By Ros Satar, in Indian Wells

  • Daria Kasatkina [20] v Naomi Osaka
  • First tour level meeting between the pair
INDIAN WELLS, USA – Two of the tour’s brightest stars Daria Kasatkina and Naomi Osaka will go head to head on Monday for their biggest career title to date.

 

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Daria Kasatkina – Path to the final

  • R1: Bye
  • R2: Katerina Siniakova 6-2 5-2 RET
  • R3: Sloane Stehens [13] 6-4 6-3
  • R4: Caroline Wozniacki [2] 6-4 7-5
  • QF: Angelique Kerber [10] 6-0 6-2
  • SF: Venus Williams [8] 4-6 6-4 7-5

The phrase ‘Giant Killer’ could not be more apt for Daria Kasatkina, who already has managed to gain wins over all four reigning Grand Slam champions in the past year. She beat French Open champion Jelena Ostapenko at the US Open, Wimbledon champion Garbiñe Muguruza in Dubai, and both US Open champion Sloane Stephens and Australian Open champion Caroline Wozniacki here. To add a little salt to the wounds, she beat Wozniacki the week after Melbourne, at St Petersburg.

Coming into the semi-final against Venus Williams, they were the only players not to have dropped a set, although it was Williams who struck first, leaving it to the battling Russian to come from behind in a gruelling match to book a spot in the final.

She already has a WTA title to her name, winning Charleston in her debut final last year before losing to Julia Goerges in Moscow.

 

Naomi Osaka – Path to the final

Naomi Osaka in the quarter-final of the BNP Paribas Open, WTA Indian Wells 2018

Naomi Osaka in the quarter-final of the BNP Paribas Open, WTA Indian Wells 2018 | (c) Jimmie48 Tennis Photgraphy

  • R1: Maria Sharapova 6-4 6-4
  • R2: Agnieszka Radwanska [31] 6-3 6-2
  • R3: Sachia Vickery 6-3 6-3
  • R4: Maria Sakkari 6-1 5-7 6-1
  • QF: Karolina Pliskova [5] 6-2 6-3
  • SF: Simona Halep [1] 6-3 6-0

Naomi Osaka‘s run to the final is not only her best result here, but across all WTA Premier Mandatory events so far, and she has also had a fair bit of giant-killing along the way. She knocked out two-time Indian Wells champion Maria Sharapova in the first round, 2014 finalist Agnieszka Radwanska and two-time semi-finalist Karolina Pliskova on her way to the final.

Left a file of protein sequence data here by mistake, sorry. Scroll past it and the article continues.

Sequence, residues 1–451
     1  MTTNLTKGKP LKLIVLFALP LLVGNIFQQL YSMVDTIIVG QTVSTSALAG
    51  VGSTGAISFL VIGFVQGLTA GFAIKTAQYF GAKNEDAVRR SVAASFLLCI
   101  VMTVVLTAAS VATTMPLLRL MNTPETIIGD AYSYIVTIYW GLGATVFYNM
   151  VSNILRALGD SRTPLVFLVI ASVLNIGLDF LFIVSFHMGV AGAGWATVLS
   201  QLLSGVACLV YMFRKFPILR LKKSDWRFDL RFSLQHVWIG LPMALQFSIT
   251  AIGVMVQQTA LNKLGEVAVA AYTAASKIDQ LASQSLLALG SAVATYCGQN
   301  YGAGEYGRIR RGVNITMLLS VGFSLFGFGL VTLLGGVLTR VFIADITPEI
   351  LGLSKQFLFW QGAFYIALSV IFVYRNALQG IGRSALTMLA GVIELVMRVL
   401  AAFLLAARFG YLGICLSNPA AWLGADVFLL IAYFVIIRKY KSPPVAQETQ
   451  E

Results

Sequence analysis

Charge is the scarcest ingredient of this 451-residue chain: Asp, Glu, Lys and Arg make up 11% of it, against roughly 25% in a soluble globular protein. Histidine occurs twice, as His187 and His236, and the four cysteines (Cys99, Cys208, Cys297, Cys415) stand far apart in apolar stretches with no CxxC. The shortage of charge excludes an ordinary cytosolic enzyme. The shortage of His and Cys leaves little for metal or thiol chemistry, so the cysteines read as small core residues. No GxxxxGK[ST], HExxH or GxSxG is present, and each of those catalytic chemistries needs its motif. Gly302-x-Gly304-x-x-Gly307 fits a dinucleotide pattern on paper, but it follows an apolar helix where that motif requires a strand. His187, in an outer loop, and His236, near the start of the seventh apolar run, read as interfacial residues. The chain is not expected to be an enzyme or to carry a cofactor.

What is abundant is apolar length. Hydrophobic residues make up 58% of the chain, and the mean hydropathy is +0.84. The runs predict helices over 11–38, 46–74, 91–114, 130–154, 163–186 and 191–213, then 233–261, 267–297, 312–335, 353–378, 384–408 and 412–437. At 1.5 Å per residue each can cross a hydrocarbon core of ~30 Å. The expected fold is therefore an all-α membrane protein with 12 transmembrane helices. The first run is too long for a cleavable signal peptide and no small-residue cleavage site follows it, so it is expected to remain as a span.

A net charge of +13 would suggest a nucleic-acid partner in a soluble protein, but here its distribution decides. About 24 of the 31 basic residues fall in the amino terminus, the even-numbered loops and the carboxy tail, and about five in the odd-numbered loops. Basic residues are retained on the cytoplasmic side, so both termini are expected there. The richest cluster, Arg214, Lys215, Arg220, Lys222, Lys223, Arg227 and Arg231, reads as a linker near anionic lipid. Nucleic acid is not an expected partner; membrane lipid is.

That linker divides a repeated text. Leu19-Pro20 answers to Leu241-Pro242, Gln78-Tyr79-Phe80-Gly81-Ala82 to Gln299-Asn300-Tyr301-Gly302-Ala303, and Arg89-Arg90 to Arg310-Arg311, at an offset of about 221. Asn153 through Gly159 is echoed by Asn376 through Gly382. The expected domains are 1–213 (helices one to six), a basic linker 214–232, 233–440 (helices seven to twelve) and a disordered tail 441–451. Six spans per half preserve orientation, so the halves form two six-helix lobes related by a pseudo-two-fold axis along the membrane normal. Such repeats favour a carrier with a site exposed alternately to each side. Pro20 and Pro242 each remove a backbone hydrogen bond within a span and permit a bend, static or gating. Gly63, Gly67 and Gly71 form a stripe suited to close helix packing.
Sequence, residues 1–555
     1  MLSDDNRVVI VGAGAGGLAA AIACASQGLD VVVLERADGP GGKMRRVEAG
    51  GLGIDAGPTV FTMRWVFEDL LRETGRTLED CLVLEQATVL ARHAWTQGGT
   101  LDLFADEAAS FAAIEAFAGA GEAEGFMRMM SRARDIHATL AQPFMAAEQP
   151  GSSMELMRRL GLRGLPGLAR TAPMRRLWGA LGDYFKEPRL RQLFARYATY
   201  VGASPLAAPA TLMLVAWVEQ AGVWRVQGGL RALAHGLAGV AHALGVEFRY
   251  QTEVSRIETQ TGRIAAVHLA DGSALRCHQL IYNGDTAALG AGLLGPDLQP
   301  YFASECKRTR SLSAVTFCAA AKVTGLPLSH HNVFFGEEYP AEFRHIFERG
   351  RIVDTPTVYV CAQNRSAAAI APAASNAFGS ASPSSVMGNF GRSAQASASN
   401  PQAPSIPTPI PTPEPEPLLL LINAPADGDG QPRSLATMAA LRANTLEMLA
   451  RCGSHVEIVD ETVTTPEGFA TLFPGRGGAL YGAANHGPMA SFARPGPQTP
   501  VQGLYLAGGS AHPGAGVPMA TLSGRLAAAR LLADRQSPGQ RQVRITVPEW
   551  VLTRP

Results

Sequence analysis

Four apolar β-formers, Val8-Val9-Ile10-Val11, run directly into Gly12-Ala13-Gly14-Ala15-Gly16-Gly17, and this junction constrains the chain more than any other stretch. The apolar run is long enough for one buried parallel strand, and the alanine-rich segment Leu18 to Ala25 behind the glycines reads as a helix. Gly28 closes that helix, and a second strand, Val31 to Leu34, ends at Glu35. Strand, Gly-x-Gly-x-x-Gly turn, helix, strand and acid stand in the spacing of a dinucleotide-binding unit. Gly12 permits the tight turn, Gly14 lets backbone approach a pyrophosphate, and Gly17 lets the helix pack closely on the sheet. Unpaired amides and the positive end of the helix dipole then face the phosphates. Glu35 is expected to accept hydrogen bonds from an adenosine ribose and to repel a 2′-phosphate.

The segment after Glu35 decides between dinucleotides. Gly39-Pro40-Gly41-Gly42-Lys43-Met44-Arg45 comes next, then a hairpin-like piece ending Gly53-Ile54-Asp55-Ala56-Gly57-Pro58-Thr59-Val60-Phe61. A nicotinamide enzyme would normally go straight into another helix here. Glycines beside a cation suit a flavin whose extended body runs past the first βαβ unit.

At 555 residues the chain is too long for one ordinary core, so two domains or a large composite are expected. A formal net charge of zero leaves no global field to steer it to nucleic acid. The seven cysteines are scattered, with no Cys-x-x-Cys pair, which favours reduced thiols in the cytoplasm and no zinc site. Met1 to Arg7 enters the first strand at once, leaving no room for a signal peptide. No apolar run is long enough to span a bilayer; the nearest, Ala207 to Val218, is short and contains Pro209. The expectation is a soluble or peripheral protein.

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The Match-up

The pair have very contrasting styles. As much as Kasatkina has joked that her head is empty when she players, she probably has the best tactical mind of her generation. She will try and change the rhythm with slices, lifts and lobs and she moves well around the court.

That is not to say that Osaka does not move well and has shifted her game style from being a powerful counter-puncher to a more aggressive baseliner. Osaka could find herself being yanked around the court at Kasatkina’s will.

Both have that volatility that comes with being young and embarking on the kinds of big wins that catapult a player from the lower tiers and onto the big stages. Both have a charming sense of fun in their press conferences and we note with sadness that innocence will probably go the first time they get pounced on by more savage press.

Coming into the semi-final, Osaka had spent 455 minutes on the court while kasatkina had surprised herself with her lack of three-set grinds having spent just 317 minutes ahead of her match with Venus Williams.

What has impressed a lot this week is the mental fortitude we have seen from both of them, Kasatkina in particular did not panic in what was a thriller of a semi-final against Williams, and held her nerve to close out a fantastic win that did leave her very emotional on the court.

Her interaction with her coach Philippe Dehaes is fun to watch – he wants her to engage with what is happening on the court, and injects humour to stop her getting too down on herself. The same is true of Sascha Bajin who she happily poked fun about his tactic talks, but a younger more dynamic coach has seemed to make a word of difference to her.

As Osaka noted in her press conference: “I feel like maybe I came out a little bit slower than she has, because she’s obviously seeded in this tournament and stuff. But I feel like we ended up in the same place, and we’re both going to try really hard. I feel like there is a new generation, and we’re trying to push through.”

Up until Serena Williams’ maternity leave, and indeed as with the old guard on both tours, the question would often be asked ‘who will take over the mantle when they go?’

Indeed on all-access day at this tournament, the same question about the World No. 1 ranking looking set to bounce around for a few months came up repeatedly. But now, if people are asking who will be the future of women’s tennis – we are going to see it front and centre on Sunday.

Prediction: Kasatkina in three sets.

 

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